Even though there were no direct evidence against him, Ingmar Guandique, an illegal immigrant from El Salvador, was found guilty of murdering Chandra Levy ten years ago. He faces a minimum of 30 years or the maximum of life imprisonment when he reappears before a judge for sentencing on February 11, 2011.
Guandique (gwahn-DEE’-kay), 29, was convicted of first-degree murder for attacking Levy while she exercised in the Washington Rock Creek Park in May 2001. Her body was found one year after she was reported missing. The story of her sudden disappearance had gripped headlines throughout America and destroyed the political career of California congressman Gary Condit. He was believed to be romantically involved with her. His DNA was found on underwear at Levy’s apartment after she went missing. He was once a suspect but police have since dismissed him as such.
On Monday November 22, 2010, the jury returned guilty verdicts on two counts of first-degree murder; one alleging death as part of a kidnapping and one alleging the death as part of an attempted robbery. The jurors had the option to convict him on a lesser charge of second-degree murder. They chose not to exercise that right.
Last year investigators formally charged Guandique with Levy’s murder. While they had no direct DNA evidence linking him to her murder, Prosecutors Amanda Haines and Fernando Campoamor-Sanchez said Levy’s death fitted a pattern of other crimes committed by Guandique in the park. He was imprisoned for attacking two female joggers in the same park.
While the prosecutors were able to obtain a conviction even though they produced no eyewitnesses and no DNA evidence connecting Guandique to Levy’s murder, defense attorneys argued that they (prosecutors) used him as a scapegoat for a botched investigation.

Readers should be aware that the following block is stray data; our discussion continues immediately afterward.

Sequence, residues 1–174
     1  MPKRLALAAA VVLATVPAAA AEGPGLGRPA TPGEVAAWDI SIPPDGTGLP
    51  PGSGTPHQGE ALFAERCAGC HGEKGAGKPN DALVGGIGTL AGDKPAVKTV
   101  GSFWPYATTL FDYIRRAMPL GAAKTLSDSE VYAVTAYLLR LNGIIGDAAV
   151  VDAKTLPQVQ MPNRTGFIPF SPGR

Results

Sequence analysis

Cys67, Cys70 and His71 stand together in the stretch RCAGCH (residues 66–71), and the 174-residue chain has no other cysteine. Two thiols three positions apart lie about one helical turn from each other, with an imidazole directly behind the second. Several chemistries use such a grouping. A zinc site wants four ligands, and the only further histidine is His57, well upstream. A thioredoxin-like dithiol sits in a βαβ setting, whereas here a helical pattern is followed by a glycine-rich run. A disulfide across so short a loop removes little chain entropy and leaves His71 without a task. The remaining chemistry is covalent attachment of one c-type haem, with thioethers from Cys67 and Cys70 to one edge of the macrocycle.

Guandique had never confessed to police. However, the prosecutors based the greater part of their argument on testimony from Armando Morales, who once shared a cell with Guandique. He told the court that Guandique had admitted to killing Levy when he attempted to rob her, but said he never raped her.
The defense attorneys further argued that Morales concocted the confession story to curry favor with prosecutors in the hopes of getting his sentence reduced. They pointed out that DNA from an unknown male found on Levy’s black running tights did not match Guandique or Condit. That, they argued, was powerful evidence that the wrong person was on trial. Prosecutors argued the DNA was the result of contamination during the testing process.
During the month long trial Condit testified and denied any involvement in Levy’s disappearance or her death. He, however, refused to answer questions regarding whether he had an affair with her.
The government also presented testimony from two women who were attacked by Guandique in May and July of 2001 in Rock Creek Park. In both cases, Guandique attacked the women from behind while they jogged on isolated trails but ran off after each woman fought him off.
Susan Levy who had been outspoken in her suspicions of Condit’s involvement in her daughter’s disappearance said she believed the jury’s verdict was correct. “It makes a difference to find the right person who is responsible for my daughter’s death,” she said.